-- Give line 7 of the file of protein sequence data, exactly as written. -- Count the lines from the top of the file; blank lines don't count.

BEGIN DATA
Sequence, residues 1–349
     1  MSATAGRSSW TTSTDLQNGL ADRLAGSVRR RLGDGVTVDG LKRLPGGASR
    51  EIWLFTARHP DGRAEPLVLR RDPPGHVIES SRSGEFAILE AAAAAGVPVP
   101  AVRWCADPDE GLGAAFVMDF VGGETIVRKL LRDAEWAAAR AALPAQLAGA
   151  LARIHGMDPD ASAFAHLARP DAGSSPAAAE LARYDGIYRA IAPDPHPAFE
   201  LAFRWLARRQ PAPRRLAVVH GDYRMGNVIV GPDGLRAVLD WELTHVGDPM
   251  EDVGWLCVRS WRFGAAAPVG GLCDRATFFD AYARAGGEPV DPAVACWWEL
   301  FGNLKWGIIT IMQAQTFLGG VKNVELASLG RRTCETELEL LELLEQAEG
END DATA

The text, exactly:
   251  EDVGWLCVRS WRFGAAAPVG GLCDRATFFD AYARAGGEPV DPAVACWWEL